It’s has a classic stuck-in-your-head pop chorus, which is just barely masking the dark nature of his lyrics. Colussi did this intentionally, aiming to make a complex track to open the album:
With ‘Not Half/No End’ I was trying to make a simple, accessible, pop song with a repetition that the listener could get lost in. I wanted to be vaguely intelligent, like a John Cale song from 1974 or a Peter Jefferies song from 1990. This song is supposed to be an easy hit that starts the album, because the second half of the record is so resolutely bummer. And, as is generally the case, the sentiments that lay behind the song only became clear to me after it was written, finished and in the can.
Be sure to check out his upcoming album “On the Plains” and Canadian tour in October. Keep up with him here.
Canadian artist Taylor Janzen gets as real as she can get with her new EP. Interpersonal is thoughtful and smart, as if written by a seasoned professional; at only 19-years-old, she has an acute sense of empathy and self-awareness that makes this EP incredibly special. Her vocals are heartbreakingly beautiful, drawing strong comparisons to Paramore’s Hayley Williams. But that’s as far as the comparisons go – in every way, Janzen is entirely her own artist.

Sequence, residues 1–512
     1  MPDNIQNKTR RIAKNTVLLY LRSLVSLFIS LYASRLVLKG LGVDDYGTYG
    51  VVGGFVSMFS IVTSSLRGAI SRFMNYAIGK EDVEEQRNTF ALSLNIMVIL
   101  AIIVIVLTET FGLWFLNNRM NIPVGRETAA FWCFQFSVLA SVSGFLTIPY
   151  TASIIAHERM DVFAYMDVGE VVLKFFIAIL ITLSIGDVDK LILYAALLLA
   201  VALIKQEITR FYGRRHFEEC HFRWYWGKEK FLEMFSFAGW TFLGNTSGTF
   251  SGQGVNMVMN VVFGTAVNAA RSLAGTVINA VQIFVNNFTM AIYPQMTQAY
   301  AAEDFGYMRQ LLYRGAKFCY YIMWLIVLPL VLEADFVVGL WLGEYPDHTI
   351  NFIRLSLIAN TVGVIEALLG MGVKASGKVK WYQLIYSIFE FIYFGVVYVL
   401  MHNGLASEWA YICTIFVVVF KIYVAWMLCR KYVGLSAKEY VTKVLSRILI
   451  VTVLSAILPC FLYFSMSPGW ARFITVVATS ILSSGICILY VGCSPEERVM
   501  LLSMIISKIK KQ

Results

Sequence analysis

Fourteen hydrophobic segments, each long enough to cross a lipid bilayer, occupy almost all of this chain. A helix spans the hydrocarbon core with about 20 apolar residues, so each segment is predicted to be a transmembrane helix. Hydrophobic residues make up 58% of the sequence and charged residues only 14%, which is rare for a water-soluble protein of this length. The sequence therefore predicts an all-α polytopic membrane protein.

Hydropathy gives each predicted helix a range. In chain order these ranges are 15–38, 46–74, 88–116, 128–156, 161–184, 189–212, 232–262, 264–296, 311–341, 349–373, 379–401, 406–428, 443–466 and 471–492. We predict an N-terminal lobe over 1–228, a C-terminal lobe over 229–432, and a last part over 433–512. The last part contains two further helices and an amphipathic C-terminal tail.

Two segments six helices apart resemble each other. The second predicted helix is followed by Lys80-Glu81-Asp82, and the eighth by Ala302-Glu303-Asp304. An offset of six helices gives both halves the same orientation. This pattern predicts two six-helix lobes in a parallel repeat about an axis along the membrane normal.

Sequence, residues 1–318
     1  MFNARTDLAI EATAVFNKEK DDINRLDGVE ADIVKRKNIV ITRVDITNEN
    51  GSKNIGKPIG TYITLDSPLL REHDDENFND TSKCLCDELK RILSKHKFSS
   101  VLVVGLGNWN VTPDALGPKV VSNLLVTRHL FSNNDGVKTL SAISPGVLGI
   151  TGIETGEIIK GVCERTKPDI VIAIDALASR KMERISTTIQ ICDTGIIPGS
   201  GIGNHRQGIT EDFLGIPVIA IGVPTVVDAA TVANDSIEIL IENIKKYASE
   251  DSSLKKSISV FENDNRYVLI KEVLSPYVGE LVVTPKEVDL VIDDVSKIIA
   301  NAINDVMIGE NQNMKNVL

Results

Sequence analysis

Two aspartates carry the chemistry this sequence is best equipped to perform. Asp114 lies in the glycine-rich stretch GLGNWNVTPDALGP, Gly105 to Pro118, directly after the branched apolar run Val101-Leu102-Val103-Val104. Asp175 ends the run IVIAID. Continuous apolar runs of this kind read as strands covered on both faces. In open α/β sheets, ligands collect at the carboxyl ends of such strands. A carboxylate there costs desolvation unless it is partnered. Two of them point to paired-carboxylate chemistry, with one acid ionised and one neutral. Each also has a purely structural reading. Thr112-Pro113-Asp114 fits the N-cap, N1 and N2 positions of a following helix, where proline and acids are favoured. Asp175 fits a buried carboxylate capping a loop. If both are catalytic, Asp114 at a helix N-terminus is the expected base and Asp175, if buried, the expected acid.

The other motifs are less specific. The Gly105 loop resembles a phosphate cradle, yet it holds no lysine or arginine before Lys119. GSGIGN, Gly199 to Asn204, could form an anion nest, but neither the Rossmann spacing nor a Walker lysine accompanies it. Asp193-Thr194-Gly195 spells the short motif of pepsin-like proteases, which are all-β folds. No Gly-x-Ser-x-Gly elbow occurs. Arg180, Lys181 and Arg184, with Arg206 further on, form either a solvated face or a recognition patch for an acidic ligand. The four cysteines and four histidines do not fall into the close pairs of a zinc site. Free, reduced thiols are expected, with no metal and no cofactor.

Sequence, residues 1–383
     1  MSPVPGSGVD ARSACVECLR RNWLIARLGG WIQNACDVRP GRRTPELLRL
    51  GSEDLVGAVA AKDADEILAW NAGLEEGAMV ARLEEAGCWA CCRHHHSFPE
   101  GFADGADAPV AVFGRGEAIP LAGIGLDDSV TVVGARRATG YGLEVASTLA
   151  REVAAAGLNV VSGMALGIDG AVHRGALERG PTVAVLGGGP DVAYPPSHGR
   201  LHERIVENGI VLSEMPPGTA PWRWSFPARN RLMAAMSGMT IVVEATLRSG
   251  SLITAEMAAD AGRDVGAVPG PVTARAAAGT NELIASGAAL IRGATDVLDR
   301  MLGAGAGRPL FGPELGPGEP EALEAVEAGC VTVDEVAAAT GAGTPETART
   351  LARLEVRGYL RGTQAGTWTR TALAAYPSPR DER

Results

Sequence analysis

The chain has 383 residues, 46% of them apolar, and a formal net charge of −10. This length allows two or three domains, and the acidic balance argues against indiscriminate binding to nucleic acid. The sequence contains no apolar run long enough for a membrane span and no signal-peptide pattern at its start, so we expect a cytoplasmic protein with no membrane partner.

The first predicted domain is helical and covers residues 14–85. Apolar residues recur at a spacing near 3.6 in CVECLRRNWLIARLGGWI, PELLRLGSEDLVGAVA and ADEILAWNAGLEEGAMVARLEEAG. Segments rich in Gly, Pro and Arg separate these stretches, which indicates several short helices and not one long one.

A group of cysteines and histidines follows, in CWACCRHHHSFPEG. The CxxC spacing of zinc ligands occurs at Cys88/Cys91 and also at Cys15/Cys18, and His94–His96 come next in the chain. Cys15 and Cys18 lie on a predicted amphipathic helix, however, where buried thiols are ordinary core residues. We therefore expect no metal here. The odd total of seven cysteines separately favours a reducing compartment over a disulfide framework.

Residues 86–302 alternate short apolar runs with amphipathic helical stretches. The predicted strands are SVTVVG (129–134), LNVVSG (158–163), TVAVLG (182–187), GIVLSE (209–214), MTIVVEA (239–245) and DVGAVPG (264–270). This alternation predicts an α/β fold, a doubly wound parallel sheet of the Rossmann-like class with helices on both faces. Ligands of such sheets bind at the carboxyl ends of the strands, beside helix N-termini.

As you listen, each song bares a bit more of Janzen’s soul. Her honesty makes her relatable, which is the epitome of why we love sad songs. “Stations” delves into the reality of emotional abuse in a relationship. “The Waiting Room” is a standout track due to its raw and honest discussion of her struggles with mental health through the imagery of a waiting room. The lyrics show how, sometimes, the mental health system can be challenging and lonely. Janzen sings with pain in her voice, lamenting about her experience: “Spitting out my demons to someone I just met … the only one who listens is the person I pay.” “Colourblind” and “Better Now” round out the EP, leaving you with that feeling – not sadness, not anger, not happiness. The best way to describe Janzen’s music is hopeful. She delves deep into heartbreak and depression, but her voice assures us that not all is lost. In fact, these are the kind of sad songs that you want to listen over and over again, even if it makes you want to sob into a glass of red wine.
Houston band Jody Seabody and the Whirls take it back to old school punk rock with their latest single, which is off their upcoming third album Hawksamillion. “GrenadeGreen” is a long track, tapering off at six and a half minutes. And majority of it is high intensity — it’s loud and jarring and absolutely mind-boggling. The lyrics are screamed rather than sung, giving it the true angry garage rock feel. This is the kind of music that is easily forgotten in this day and age, but JS&TW manages to embody the genre and turn it into a stand-out track.
At around the 4 minute mark, the song does a complete 180. The rock vibe is still there, but it’s slower and more mysterious. There are no lyrics, no screaming. Just the instrumental. The shift is surprising, yet welcome. It allows the anger from before to dissipate and turn into Led Zeppelin-esque classic rock and roll. This song seems to capture the ever-changing emotions of rock music in such a way that shows how this is a band that does not stay in one place.
Be sure to listen to their newest album, due out on August 24, and check them out on their upcoming tour. Keep up with the band here.